In December 2020, Saturn and Jupiter came so near each other in the sky they almost touched. Now, a planetary conjunction in April will put on a remarkably similar show, bringing the two brightest planets in the night sky close together enough to put on quite a show.
The two brightest planets in the night sky, Jupiter and Venus, will perform a “dance,” or conjunction, in the pre-dawn sky at the end of this month. Astronomy enthusiast or not, it’s worth waking up early for a peek, as it will be quite the show. The event begins on April 29 and ends on May 1, with a peak on April 30.
Here’s the Inverse guide to witnessing the celestial event.
How to spot a conjunction
If you are not a frequent observer, it is easy to pass off planets visible to the unaided eye as stars, since at first glance, they can appear to blend right into a star-filled sky. However, there are two main differences that allow observers to quickly spot neighboring planets.
The first major detail to look for is if these objects are “twinkling.” One of the basic rules of astronomy is that stars twinkle and planets do not.
The second thing to look for is if the object is brighter than the surrounding stars. Jupiter and Venus are the brightest planets visible in the night sky, and very hard to miss even in urban areas. While Venus is the brightest planet visible from Earth, Jupiter comes in second and stands out in more ways than one.
How to see Jupiter’s moons
Jupiter has many moons — currently estimated at more than 79. You can see at least three to four of Jupiter’s moons with a bit of help on a clear night. There is no need for a telescope, just something that will give your eyes more power. Astronomy binoculars are best, but even with a pair of powerful sporting binoculars, the moon will appear.
Of course, a small telescope will enhance this view even more. Depending on the power, a small telescope can make some of the bands on Jupiter stand out. With a small commercial telescope, your view will unfortunately not be as great as pictures from space probes or Hubble, but this spectacular view is the closest we will come to seeing Jupiter with our own eyes.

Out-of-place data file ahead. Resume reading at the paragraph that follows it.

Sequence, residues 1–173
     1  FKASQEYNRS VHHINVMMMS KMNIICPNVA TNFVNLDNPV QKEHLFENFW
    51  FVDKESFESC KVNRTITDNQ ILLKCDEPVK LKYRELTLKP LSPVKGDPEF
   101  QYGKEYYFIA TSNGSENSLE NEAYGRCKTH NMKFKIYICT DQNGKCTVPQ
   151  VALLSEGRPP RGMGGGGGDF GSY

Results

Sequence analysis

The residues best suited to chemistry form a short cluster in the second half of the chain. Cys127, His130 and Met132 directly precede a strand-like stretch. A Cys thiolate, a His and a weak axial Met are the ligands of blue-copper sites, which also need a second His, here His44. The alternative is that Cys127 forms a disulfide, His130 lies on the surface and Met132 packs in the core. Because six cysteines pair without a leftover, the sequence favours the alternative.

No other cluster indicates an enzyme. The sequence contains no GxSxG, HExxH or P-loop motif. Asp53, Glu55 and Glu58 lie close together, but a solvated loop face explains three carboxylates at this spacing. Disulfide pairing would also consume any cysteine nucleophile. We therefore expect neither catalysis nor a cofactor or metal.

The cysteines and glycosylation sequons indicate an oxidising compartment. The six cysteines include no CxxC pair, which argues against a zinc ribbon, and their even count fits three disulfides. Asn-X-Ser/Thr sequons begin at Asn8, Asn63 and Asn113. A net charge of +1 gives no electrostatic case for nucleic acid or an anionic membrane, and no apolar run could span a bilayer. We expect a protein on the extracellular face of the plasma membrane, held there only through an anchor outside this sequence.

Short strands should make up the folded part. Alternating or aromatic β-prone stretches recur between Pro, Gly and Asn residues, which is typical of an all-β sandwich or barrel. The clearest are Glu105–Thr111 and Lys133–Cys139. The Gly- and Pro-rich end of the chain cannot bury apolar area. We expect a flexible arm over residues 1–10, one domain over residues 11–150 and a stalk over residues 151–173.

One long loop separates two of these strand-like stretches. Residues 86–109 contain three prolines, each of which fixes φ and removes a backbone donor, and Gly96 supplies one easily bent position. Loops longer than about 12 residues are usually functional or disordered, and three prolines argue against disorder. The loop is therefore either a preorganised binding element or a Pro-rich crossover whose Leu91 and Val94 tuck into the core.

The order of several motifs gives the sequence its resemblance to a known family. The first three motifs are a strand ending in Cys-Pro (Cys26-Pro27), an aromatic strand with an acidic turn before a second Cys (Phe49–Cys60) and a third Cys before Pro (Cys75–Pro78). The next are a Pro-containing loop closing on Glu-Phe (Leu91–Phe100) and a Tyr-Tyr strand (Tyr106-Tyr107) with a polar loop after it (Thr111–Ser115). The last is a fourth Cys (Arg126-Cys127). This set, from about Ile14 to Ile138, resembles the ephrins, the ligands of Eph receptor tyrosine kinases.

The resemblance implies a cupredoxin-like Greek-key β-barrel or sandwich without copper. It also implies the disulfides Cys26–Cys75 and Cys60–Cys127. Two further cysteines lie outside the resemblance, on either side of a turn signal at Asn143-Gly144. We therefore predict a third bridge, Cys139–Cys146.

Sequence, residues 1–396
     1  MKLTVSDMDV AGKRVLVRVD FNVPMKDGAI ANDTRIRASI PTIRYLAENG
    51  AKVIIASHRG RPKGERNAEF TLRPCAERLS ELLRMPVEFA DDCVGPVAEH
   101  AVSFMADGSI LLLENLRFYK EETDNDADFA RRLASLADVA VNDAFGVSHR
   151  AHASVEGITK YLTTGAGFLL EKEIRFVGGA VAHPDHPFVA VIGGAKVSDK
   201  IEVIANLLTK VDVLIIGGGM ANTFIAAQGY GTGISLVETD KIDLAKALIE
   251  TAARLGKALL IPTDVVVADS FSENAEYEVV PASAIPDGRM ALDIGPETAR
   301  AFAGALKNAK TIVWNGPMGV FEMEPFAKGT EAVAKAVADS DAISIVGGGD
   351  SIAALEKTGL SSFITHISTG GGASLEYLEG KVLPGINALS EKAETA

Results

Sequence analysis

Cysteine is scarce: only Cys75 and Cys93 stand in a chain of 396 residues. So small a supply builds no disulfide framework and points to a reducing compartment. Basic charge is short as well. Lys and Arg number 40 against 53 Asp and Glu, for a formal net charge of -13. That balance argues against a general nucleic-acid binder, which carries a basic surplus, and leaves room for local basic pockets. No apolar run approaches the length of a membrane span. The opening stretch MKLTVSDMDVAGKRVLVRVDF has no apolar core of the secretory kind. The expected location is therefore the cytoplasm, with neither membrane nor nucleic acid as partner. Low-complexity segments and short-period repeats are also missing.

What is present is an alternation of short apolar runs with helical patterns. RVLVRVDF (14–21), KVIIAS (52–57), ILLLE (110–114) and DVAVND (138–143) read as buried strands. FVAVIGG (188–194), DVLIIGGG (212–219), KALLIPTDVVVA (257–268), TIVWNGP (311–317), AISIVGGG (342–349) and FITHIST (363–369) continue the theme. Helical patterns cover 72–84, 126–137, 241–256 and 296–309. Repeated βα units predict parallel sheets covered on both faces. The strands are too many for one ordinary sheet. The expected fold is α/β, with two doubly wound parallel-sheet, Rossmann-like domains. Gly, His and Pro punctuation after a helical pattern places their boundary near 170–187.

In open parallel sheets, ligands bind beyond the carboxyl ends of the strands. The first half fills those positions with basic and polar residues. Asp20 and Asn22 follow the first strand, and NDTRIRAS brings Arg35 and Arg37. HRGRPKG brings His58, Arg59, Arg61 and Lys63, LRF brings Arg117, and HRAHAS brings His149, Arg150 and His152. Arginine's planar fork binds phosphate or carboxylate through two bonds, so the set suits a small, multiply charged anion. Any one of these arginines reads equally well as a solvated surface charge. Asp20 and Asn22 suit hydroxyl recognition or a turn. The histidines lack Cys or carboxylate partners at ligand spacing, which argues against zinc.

When Jupiter and Venus approach from April 29 through May 1, the two will be visible in the same field of view. Weather permitting, this will make a rare view through the telescope.
What is a conjunction?
In astronomical terms, a conjunction is simply two objects positioned in space that seem to be close together when viewed from Earth. In the case of Jupiter and Venus, these two planets are actually quite far apart in space; Venus orbits the Sun about 67.2 million miles away, while Jupiter orbits at 484 million miles away. For comparison, Earth is about 93 million miles from the Sun.
On their orbital travels, planets occasionally align perfectly from our point of view to create a spectacular show visible to us here on Earth.
How can I see the Jupiter-Venus conjunction?
The planets are best visible half an hour before sunrise. Looking towards the East, Jupiter and Venus will move closer starting on April 24. Jupiter will appear to the left and below Venus. Between April 29 and May 1, the two will be very close together — so close that they are in the same telescopic view.
The planets will appear the closest on Saturday, April 30, coming only 0.2 degrees apart. This is nearly the same distance as the December 2020 Jupiter / Saturn conjunction. This will make the view very bright and impossible to miss even with the unaided eye. All you need are clear skies and an unobstructed view of the horizon. The two will then appear to switch places in the proceeding days, with Jupiter appearing higher in the sky than Venus. The two planets continue to move further apart as the days go on.
When is the next Jupiter and Venus conjunction?
If you miss this viewing, the two brightest planets will not cross paths again until early March of 2023. Although close, the two planets will not move into the same telescopic view next year. Another reason not to miss the performance at the end of this month!
When was the last Jupiter and Venus conjunction?
The last Jupiter and Venus conjunction took place on February 11, 2021, in early dawn hours just over the horizon, meaning that while there was a conjunction last year, not everyone had a solid chance of seeing it.
How often is the Jupiter and Venus conjunction?
On a webpage regarding conjunctions, Rice University professor Patrick Hartigan says that there is a Jupter and Venus conjunction around once per year. But they aren’t always in the same closeness or position in the sky. Ones in similar positions take place roughly every three years and three months between each event, Hartigan says.
2022 Conjunction Calendar
On May 29, Jupiter will meet up with Mars. The super-bright Jupiter will come close to the unmistakably Red Planet in another show for early risers. The best time to view the pair is just after 4:30 a.m. Eastern in the Eastern sky.
The next conjunction will be on December 6, when the almost Full Moon and the Pleiades dazzle after sunset. The next evening, on December 7, the Full Moon will occult Mars. In simple terms, this means the bright moon will appear to cover up the Red Planet. This performance will take place just after 6 p.m. Eastern toward the East, and continue to shine all night.
The last event of 2022 will take place on December 29. Venus and Mercury will have a close encounter, but it will only be visible for a short period in the southwestern sky just after sunset. Be sure to look low on the horizon as soon as the Sun sets.
Wishing you clear skies for the rest of the year!